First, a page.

For some people cooking is an activity they enjoy very much. On the other hand, there are way fewer people who enjoy cleaning up the kitchen afterwards. It ruins the experience, in a way, however necessary it may be.
Whether you are a professional chef, a housewife or a cooking enthusiast and you enjoy making delicious meals for your friends and family, there is something you definitely do not like- dirty dishes. Now, that is usually not a problem if you own a dishwasher, however, what do you do when the pots and pans are too dirty or burnt so that even the dishwasher does not help?
Do you resort to soaking it and then scrubbing relentlessly? And what do you do with the gentle, easy-to-damage Teflon frying pans? Even with stainless steel and cast iron pans, which are not as sensitive as Teflon pans are, you do not want to scrub too hard and damage the surface.
Now, why would you spend your money on expensive specialized products that promise you magic when you are cleaning, when there are some things that you already have in your kitchen that are cheap, gentle on the surfaces, and work great?!
Imagine this: you put your dinner on the stove and forgot to lower the cooking temperature. To make things even more interesting, you went out to finish some swift business as you are a true multitasker. You return to your kitchen minutes later only to find the burnt food stuck to the bottom of the frying pan, some oil flowing on the outside of the pan, burning in contact to the heat. The result? A ruined pan.
No, you do not need to throw the pan or renounce cooking altogether! There is a solution.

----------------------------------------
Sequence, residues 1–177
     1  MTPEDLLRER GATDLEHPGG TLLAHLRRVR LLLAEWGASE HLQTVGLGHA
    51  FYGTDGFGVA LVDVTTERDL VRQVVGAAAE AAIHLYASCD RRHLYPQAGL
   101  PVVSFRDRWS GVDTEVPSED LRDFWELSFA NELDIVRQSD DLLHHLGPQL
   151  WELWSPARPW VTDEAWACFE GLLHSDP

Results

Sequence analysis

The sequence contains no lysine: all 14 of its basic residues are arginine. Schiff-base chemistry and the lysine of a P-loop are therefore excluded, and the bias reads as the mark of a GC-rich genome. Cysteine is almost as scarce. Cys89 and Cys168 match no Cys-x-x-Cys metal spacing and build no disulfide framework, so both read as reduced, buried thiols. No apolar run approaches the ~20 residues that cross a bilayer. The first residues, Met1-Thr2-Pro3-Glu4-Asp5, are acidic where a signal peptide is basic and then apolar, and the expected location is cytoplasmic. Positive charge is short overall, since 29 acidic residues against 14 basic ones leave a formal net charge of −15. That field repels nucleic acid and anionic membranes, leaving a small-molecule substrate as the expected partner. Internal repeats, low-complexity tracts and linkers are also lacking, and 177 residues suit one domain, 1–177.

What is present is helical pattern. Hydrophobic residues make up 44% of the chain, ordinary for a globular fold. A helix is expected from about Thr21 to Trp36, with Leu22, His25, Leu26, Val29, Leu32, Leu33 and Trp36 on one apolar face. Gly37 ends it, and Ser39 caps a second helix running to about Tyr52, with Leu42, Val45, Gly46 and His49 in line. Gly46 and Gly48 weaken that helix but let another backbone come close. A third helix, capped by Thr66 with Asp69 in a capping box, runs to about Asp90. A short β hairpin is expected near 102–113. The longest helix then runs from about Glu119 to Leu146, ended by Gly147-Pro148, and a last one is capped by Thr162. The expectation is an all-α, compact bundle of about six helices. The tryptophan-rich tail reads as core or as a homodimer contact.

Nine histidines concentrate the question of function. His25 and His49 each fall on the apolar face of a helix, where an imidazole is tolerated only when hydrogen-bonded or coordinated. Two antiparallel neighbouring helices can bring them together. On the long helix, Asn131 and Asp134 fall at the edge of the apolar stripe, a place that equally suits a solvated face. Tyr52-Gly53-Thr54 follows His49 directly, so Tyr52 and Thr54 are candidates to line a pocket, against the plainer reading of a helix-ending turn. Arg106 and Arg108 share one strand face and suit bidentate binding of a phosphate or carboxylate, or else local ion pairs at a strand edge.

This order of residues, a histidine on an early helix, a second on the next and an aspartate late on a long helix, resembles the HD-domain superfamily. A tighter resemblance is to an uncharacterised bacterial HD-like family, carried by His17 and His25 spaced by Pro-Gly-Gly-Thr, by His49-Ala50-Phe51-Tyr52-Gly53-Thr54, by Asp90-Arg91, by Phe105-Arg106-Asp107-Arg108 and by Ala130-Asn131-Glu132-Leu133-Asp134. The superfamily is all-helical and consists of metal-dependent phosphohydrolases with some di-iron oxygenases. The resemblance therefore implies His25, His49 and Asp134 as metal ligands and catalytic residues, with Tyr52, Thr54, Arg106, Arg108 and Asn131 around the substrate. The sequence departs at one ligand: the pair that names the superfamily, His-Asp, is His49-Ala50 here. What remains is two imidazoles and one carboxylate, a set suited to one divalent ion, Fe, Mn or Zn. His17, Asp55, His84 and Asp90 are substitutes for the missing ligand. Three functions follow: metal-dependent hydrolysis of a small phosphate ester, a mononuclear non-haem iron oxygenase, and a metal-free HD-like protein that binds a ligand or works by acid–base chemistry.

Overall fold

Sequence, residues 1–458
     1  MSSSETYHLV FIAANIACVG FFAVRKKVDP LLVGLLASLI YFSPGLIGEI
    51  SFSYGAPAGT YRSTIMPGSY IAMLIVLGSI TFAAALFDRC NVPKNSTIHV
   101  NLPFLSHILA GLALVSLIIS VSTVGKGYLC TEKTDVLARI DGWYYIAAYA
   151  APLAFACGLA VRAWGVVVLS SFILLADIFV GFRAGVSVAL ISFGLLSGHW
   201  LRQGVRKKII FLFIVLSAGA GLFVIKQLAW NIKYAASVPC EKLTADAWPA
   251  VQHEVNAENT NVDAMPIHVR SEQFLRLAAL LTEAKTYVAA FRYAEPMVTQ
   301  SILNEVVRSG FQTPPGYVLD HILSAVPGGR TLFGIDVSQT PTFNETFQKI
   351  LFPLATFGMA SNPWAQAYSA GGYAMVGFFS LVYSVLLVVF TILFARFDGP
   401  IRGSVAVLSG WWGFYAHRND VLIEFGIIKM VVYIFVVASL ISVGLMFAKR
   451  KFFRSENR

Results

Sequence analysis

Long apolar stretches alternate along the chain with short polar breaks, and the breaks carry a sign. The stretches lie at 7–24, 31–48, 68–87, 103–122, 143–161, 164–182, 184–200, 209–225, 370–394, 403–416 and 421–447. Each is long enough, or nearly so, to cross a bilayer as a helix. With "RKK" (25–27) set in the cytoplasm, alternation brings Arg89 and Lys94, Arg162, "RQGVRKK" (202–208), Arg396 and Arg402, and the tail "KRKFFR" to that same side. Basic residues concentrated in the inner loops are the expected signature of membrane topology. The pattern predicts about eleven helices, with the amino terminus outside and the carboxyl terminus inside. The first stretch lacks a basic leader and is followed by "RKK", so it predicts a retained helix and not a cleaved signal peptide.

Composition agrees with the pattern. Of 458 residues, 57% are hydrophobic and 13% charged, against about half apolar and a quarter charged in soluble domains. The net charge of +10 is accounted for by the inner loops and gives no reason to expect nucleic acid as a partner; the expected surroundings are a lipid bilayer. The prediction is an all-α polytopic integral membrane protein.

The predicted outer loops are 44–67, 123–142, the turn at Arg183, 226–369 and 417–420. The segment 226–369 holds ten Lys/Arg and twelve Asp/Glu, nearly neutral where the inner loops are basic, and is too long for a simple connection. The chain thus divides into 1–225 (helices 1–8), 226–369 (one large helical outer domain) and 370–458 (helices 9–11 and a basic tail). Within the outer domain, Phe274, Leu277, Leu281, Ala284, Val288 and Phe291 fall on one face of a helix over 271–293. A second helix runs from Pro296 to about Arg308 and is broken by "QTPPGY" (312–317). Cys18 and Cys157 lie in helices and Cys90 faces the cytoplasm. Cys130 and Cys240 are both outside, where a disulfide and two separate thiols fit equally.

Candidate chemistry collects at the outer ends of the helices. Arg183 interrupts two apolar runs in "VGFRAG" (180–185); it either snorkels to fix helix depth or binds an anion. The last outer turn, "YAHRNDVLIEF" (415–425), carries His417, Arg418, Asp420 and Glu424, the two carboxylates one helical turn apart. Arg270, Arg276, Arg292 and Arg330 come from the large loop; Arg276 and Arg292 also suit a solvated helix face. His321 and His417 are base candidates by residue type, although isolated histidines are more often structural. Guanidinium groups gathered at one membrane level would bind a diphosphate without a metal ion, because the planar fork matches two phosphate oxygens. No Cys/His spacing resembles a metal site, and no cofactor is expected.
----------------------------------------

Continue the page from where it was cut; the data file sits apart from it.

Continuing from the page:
You will need:
- gloves to protect your hands
- abrasive sponge or an old toothbrush
- plastic spatula
- dish soap
- baking soda
- vinegar or lemon juice
Cleaning the inside of the pan
The key to this technique is to do it as soon as possible. If you wait too long and the burnt food cools down and sticks to the pan even harder, you will have to put on much more elbow grease than if you do it right away.
After you have emptied the pan put some dish soap inside. Usually, the amount of about a teaspoon of dish soap would be enough; however, it depends on the amount of burned food and the pan size.
The next step would be to fill about the quarter of the pan with water. Bring the pan back to the stove and bring the water to a boil. After it boils, lower the temperature to medium and let it simmer for about 10-20 minutes.
Now would be the time to take the plastic spatula and scrape the burned food remains carefully. The heat and the soap have softened it so scraping should not be a problem. Wash the pan as usual after this process.
If there is some more food left, apply the process for cleaning the outside of the pan.
Cleaning the outside of the pan
This is usually the more difficult part since the oil that spilt gets burned right away in contact with the stove. For this technique, wait for the pan to cool down and sprinkle it with some white vinegar or lemon juice. It will enable the baking soda to stick when you perform the next step, which is covering the surface with it. After that, sprinkle some more vinegar or lemon juice, and watch the magic happen.
The mix should start to bubble, which is how the dirt comes off. You should leave it to sit for 20 to 30 minutes and then use an abrasive sponge or an old toothbrush to scrub. The scorch marks and burnt oil should come off relatively easily, however, you can repeat the process if there are some left.
Wash the pan as usual, and there it is, your pan is as good as new!
There is one store-bought product that does wonders on the outside of the pan, and that is Barkeeper’s Friend. Sprinkle it on the problematic surface, leave for about 15-20 minutes and scrub the same way as with baking soda and vinegar.
Another alternative is Cream-of-tartar; however, it is truly effective only on fresh marks. It does not do much on the old ones.
And here is your simple solution on how to clean a pan! You don’t have to throw them away anymore. After our tips, your pans will be as good as new!